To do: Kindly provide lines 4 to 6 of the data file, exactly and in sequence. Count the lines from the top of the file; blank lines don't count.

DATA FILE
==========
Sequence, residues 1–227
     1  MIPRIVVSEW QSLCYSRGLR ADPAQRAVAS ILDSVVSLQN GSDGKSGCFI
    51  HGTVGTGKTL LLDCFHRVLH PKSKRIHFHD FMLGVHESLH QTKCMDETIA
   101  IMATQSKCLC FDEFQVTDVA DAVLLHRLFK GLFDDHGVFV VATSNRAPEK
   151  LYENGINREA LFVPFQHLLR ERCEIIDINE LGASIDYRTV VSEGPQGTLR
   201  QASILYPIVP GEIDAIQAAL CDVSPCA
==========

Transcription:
   101  IMATQSKCLC FDEFQVTDVA DAVLLHRLFK GLFDDHGVFV VATSNRAPEK
   151  LYENGINREA LFVPFQHLLR ERCEIIDINE LGASIDYRTV VSEGPQGTLR
   201  QASILYPIVP GEIDAIQAAL CDVSPCA